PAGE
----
Friday Jan 31, 2014

Handling Large Objects (e.g., Audio/Video files) in Oracle NoSQL DB

Recently, I have worked in a project that required using Oracle NoSQL Database to store complex structures like audio and video files, and make those files rapidly accessible through an web application. When I started the development of file retrieval from the KVStore, I got surprised about how bad documented this scenario is, specially if you are dealing with LOB's. So I decided to document examples of how I got the scenario solved.

Writing LOB Values into KVStore

So you have a file stored in the file system and you would like to store it in the KVStore to enable further retrieval? The best way to accomplish this is to extract the InputStream from the file and put its value into KVStore like this:

package com.oracle.bigdata.nosql;

import java.io.IOException;
import java.io.InputStream;
import java.util.List;
import java.util.concurrent.TimeUnit;

import oracle.kv.Durability;
import oracle.kv.KVStore;
import oracle.kv.Key;

public class HowToStoreFilesFromFileSystem {

	// The reference below should be injected
	// by some runtime IoC mechanism or initialized
	// through constructor or setter methods...
	
	private KVStore store;

	public void storeValue(List<String> majorKeys, List<String> minorKeys,
			InputStream inputStream) {

		Key key = null;

		try {

			key = Key.createKey(majorKeys, minorKeys);
			store.putLOBIfAbsent(key, inputStream, Durability.COMMIT_NO_SYNC,
					10, TimeUnit.SECONDS);

		} catch (IOException ex) {

			throw new RuntimeException(
					"Error trying to store files into NoSQL Database", ex);

		}

	}

}

Reading LOB Values from the KVStore

Once you are ready to retrieve LOB values from the KVStore, perhaps wondering about how to rebuild the file in the file system, you can proceed this way:

package com.oracle.bigdata.nosql;

import java.io.BufferedInputStream;
import java.io.ByteArrayOutputStream;
import java.io.File;
import java.io.FileOutputStream;
import java.io.IOException;
import java.io.InputStream;
import java.util.List;
import java.util.concurrent.TimeUnit;

import oracle.kv.Consistency;
import oracle.kv.KVStore;
import oracle.kv.Key;
import oracle.kv.lob.InputStreamVersion;

public class HowToLoadFilesFromKVStore {

	// The reference below should be injected
	// by some runtime IoC mechanism or initialized
	// through constructor or setter methods...

	private KVStore store;

	public File buildFileFromKVStore(List<String> majorKeys,
			List<String> minorKeys, String fileName) {

		Key key = null;
		InputStreamVersion isVersion = null;

		int _byte = 0;
		File file = null;
		InputStream inputStream = null;
		BufferedInputStream bis = null;
		ByteArrayOutputStream baos = null;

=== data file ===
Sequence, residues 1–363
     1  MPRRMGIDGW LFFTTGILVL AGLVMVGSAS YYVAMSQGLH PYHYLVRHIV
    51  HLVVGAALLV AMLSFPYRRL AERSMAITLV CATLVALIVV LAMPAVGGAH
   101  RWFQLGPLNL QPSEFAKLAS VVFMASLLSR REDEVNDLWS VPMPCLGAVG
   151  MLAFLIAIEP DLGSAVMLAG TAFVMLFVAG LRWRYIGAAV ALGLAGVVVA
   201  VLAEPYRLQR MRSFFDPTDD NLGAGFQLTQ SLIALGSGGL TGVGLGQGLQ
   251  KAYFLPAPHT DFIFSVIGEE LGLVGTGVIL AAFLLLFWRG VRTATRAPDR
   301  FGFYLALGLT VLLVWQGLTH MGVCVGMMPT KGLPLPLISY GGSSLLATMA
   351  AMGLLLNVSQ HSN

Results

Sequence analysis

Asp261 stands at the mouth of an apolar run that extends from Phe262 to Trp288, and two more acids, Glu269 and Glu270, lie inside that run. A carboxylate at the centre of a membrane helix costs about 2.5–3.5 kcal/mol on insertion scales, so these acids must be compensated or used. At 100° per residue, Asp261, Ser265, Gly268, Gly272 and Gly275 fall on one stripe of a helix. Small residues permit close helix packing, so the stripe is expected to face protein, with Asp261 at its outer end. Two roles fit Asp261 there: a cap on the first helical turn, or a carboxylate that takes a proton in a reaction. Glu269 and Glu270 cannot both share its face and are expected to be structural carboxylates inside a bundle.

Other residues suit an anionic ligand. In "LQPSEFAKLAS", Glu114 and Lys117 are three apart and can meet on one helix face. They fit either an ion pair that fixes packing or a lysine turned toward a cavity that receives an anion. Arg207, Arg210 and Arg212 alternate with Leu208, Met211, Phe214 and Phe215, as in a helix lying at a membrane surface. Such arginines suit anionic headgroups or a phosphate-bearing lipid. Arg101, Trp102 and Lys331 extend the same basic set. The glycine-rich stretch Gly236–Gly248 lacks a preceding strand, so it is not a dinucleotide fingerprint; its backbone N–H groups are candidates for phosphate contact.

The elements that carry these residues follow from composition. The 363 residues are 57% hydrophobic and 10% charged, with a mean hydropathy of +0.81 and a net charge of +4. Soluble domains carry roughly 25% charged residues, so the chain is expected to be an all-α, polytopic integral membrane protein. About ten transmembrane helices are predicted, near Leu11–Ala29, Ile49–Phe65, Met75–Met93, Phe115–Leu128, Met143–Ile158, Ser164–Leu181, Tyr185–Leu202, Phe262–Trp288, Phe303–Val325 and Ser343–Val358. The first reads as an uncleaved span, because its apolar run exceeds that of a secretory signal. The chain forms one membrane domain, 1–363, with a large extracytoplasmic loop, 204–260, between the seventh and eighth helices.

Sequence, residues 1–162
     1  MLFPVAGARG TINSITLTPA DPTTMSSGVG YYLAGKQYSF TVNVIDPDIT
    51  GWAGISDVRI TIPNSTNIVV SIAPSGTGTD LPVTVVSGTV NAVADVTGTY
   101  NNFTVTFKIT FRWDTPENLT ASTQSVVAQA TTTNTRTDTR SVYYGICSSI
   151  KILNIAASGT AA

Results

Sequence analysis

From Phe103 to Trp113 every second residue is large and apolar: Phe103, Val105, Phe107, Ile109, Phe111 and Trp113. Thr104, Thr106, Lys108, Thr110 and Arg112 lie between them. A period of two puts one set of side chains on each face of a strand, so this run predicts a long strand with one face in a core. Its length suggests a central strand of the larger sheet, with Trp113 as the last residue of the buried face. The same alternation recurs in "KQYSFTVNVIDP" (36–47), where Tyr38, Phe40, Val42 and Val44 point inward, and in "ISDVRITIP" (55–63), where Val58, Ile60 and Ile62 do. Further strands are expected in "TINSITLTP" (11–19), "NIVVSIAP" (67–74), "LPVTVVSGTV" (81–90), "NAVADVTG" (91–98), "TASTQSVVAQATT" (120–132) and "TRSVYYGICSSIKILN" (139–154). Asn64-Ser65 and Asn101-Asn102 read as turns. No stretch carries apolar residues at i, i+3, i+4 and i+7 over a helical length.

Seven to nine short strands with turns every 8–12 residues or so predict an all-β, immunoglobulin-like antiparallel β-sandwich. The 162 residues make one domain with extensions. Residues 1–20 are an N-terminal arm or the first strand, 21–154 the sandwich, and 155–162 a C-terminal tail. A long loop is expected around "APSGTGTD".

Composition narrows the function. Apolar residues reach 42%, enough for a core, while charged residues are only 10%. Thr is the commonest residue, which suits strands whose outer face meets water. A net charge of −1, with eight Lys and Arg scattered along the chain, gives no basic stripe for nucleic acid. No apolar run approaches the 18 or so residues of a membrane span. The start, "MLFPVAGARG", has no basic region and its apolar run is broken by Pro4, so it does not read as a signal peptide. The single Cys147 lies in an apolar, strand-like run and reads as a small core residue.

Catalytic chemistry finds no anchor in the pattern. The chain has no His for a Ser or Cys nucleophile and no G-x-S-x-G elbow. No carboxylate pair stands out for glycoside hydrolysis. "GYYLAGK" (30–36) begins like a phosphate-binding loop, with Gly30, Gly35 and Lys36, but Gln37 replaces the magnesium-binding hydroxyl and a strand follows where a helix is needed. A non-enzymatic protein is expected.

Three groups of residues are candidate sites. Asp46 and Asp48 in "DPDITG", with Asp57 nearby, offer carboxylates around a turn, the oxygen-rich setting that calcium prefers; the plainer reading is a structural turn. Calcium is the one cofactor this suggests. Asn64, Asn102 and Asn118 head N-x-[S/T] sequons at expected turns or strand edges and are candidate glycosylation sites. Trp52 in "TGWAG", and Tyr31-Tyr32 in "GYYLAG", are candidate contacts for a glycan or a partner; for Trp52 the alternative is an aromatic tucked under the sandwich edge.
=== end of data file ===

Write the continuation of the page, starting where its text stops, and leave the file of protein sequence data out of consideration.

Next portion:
FileOutputStream fos = null;

		try {

			key = Key.createKey(majorKeys, minorKeys);
			isVersion = store.getLOB(key, Consistency.NONE_REQUIRED, 10,
					TimeUnit.SECONDS);

			if (isVersion != null) {

				inputStream = isVersion.getInputStream();
				bis = new BufferedInputStream(inputStream);
				baos = new ByteArrayOutputStream();

				while ((_byte = bis.read()) != -1) {
					baos.write(_byte);
				}

				file = new File(fileName);
				fos = new FileOutputStream(file);
				fos.write(baos.toByteArray());
				fos.flush();

			}

		} catch (Exception ex) {

			throw new RuntimeException(
					"Error trying to get files from NoSQL Database", ex);

		} finally {

			if (fos != null) {

				try {
					fos.close();
				} catch (IOException ioe) {
					ioe.printStackTrace();
				}

			}

		}

		return file;

	}

}

In the example above, the file is completely rebuilt in the file system to be accessed from any application. Note that once you have the BufferedInputStream in place, you don't actually need to rebuild the file completely in the file system in order to play with it. Perhaps you can transfer all those bytes to an mechanism that is perfectly capable to handle that stream in-memory, taking full advantage of handling data on-demand based on the streaming API of LOB's.

Saturday Jan 18, 2014

Capturing Business Events for Future Playback through Oracle Event Processing Platform

In the heart of OEP application development there is the understanding of the business events anatomy, the knowledge about its structure, frequency about when they happen, its relationship with other types of events and of course, its volume. Business events play a critical role in event-driven applications because they are the input for the problem that you are trying to solve. Without the business events, an event-driven application would be like a car engine without fuel.

When you are designing an EPN (Event Processing Network) of an OEP application, you are actually expressing the way about how the business events will be received, processed and perhaps transformed in some kind of output. Like any other technology, the behavior of this output depends heavily of which data you have used as input. For one specific volume, the EPN could work, for another volume, maybe not. For one specific ordering, the EPN could work, with another ordering, it could not. It will only work when the right set of events is being used.

Its very common the situation when you deploy the first version of your OEP application and after a while users start complaining about undesired results. This happens because no matter how many times you tested your application, you will never get close to the mass of events present in the customer environment. The ordering, volume, size, encoding and frequency of the events found in the customer environment is always different of that mass of events that you used during functional testing. If this situation happens to you, its time to think in a way to record those events and bring them back to the development environment to figure out what is wrong.

This article aims to explore the record and playback feature of Oracle Event Processing Platform. Through the examples shown here, you will be able to record and replay a mass of business events to simulate some behavior that maybe you have forgot to capture at your EPN. This feature is also pretty cool for prototyping scenarios. Instead of bringing with a you a simulator of events, you can just replay a recorded set of events and present your OEP application.

Configuring the OEP Default Provider